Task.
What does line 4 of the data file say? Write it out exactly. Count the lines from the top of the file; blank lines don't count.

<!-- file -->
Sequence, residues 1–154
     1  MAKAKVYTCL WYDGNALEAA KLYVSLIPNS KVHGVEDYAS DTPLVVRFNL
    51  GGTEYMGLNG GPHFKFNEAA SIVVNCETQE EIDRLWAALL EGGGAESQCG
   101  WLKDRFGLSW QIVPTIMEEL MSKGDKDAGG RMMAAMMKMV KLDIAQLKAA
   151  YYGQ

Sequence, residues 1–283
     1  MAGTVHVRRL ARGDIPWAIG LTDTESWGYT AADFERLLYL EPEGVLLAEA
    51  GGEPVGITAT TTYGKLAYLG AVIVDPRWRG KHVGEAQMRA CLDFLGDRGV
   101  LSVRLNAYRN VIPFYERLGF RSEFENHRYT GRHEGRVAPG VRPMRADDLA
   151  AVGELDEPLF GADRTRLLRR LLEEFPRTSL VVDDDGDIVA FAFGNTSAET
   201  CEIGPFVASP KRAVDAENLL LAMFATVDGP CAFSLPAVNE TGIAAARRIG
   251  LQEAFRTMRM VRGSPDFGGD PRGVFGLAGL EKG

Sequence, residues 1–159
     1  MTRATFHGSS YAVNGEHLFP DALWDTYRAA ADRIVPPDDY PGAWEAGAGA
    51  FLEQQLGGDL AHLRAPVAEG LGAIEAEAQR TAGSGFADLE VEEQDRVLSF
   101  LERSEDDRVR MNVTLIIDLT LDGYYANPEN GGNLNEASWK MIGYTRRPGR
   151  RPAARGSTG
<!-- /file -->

   101  WLKDRFGLSW QIVPTIMEEL MSKGDKDAGG RMMAAMMKMV KLDIAQLKAA